Language and Culture Assignment During the 20th century, two theoretical standpoints were influential in the study of the relationship between language and

Language and Culture Assignment During the 20th century, two theoretical standpoints were influential in the study of the relationship between language and culture. The first of them, Linguistic Determinism was formulated by the linguists Edward Sapir and Benjamin Lee Whorf in the model called the Sapir-Whorf Hypothesis. It contends that people’s language affects the way they think. Hence, language shapes culture.

A second model for understanding the relationship between language and culture is proposed by linguistic anthropologists working in the area of sociolinguistics. This model maintains that a person’s context and social position shape the content, form, and meaning of her/his language. Hence, culture shapes language. Contemporary sociolinguists are active in an emerging area called Critical Discourse Analysis (CDA) that focuses on the relations of language and social inequality, power and stigma, and agency and resistance.

How do you evaluate the two theoretical perspectives succinctly described above? Your response should address the following areas:

1. What are the main ethnographic evidence given by Sapir and Whorf to support their thesis? Be specific.
Critical Discourse Analysis (CDA) – Relations of Language and Social Inequality, Power and Stigma, and Agency and Resistance

2. What is the evidence you can glean from the materials given in the module (original online reading) in support of the sociolinguistics theoretical perspective? Once again, be specific.
a little backround on cda… Sapir-Whorf Hypothesis
Linguistic Relativity and Linguistic
The Sapir-Whorf Hypothesis

Sapir maintains that
specific languages serve
not only as a medium of
communication, but
also to define and guide
our perception of
Whorf contends that
each language
constitutes a frame of
reference that orders a
particular people’s view
of the world.
Edward Sapir (1884-1939)

Language affects all human experience
to a certain extent.

Reflects what is culturally important to
Influences what they pay attention to

Speakers give names (words) to
important entities and events in their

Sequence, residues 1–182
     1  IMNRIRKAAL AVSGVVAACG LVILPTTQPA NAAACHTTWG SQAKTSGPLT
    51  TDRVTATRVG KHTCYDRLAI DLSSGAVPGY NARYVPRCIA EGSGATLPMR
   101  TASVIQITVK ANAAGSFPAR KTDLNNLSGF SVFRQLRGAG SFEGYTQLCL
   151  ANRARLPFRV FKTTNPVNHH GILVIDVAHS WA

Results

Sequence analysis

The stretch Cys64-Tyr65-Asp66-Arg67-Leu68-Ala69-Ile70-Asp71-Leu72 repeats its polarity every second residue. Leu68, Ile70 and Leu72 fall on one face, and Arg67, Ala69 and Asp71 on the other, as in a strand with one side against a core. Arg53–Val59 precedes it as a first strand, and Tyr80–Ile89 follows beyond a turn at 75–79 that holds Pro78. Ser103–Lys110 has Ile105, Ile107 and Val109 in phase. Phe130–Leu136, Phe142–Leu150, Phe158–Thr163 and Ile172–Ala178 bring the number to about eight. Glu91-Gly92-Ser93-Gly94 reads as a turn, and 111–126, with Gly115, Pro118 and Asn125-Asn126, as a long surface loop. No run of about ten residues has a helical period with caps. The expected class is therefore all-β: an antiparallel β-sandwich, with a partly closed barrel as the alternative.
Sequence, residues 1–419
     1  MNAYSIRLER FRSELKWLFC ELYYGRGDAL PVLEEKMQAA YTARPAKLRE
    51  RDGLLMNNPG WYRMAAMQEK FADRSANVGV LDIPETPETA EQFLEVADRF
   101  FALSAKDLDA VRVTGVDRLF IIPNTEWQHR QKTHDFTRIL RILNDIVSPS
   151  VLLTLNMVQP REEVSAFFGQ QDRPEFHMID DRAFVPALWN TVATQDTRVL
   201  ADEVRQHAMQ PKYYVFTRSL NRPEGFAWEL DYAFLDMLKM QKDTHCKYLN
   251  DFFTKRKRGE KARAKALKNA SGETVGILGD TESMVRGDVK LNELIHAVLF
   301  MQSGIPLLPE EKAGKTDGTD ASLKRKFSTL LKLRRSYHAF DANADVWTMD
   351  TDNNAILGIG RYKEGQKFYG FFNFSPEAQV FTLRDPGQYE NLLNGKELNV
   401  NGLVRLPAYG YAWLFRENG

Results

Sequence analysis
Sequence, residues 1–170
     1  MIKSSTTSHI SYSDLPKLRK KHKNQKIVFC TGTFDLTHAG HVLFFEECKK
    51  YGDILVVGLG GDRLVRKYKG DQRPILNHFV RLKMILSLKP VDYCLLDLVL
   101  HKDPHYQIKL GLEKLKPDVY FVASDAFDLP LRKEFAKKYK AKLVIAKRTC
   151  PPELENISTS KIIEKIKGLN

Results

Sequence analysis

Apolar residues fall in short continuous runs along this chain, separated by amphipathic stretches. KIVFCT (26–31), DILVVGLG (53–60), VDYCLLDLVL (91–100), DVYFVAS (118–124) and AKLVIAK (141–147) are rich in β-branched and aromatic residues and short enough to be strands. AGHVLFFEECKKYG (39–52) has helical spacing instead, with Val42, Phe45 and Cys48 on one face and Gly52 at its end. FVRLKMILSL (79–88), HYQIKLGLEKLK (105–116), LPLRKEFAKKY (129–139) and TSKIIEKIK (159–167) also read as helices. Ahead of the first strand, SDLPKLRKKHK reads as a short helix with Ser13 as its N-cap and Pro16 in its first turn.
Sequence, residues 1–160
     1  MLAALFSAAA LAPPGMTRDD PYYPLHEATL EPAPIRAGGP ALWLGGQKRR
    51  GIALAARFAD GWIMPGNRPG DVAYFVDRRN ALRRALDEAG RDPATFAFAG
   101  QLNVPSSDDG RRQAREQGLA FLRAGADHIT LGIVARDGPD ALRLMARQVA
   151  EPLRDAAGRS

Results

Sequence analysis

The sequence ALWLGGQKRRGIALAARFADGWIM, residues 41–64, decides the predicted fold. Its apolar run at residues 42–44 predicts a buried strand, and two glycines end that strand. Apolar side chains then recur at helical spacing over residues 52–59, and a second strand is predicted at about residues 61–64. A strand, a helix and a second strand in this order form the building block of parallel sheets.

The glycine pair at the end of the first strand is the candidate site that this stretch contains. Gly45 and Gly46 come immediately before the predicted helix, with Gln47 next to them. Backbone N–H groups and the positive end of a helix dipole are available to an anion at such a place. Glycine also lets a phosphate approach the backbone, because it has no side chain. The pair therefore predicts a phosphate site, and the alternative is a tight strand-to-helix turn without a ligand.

physical and social worlds, and
Once named, those entities and events
become culturally and individually
noticed and experienced.

In other words, the relationship
between vocabulary and cultural value
is bidirectional.
Over time, this interdependent process
creates and reinforces a unique mental
model for each culture.

“The worlds in which different societies
live are distinct worlds, not merely the
same world with different labels
attached” (Sapir, 1949: 162).
Sapir’s Evidence

Sapir examined the vocabulary of the
Paiute people living in semi dessert
regions of Arizona, Utah, and Nevada.
The Paiute, he noted, distinguish fine
details of their environment with
separate words.
Sapir’s Evidence

Among them are words for (as
translated by Sapir) “divide, ledge, sand
flat, semicircular valley, circular valley
or hollow, spot of level ground in
mountains surrounded by ridges, plain
valley surrounded by mountains, plain,
dessert, knoll, plateau, canyon without
water, canyon with creek, wash or
gutter, gulch, slope of mountain or
canyon wall, rolling country intersected
The Sapir-Whorf

According to this hypothesis, the
relationship between language and
thought exists:

At the level of vocabulary, and
At the level of grammar
The Relationship between
Language and Thought

Exists at the level of vocabulary because the
latter reflects the social and physical
environment of the people. Sapir suggests
that the vocabulary of a language not only
reveals what is important to the speaker but
also cues the speaker to be more sensitive to
the named features of their environment.

E. g. The Inuit have a variety of words for
different kinds of snow. We (the American English
speakers) have only one. The Aztecs in Mexico use
the same word for cold, ice, and snow.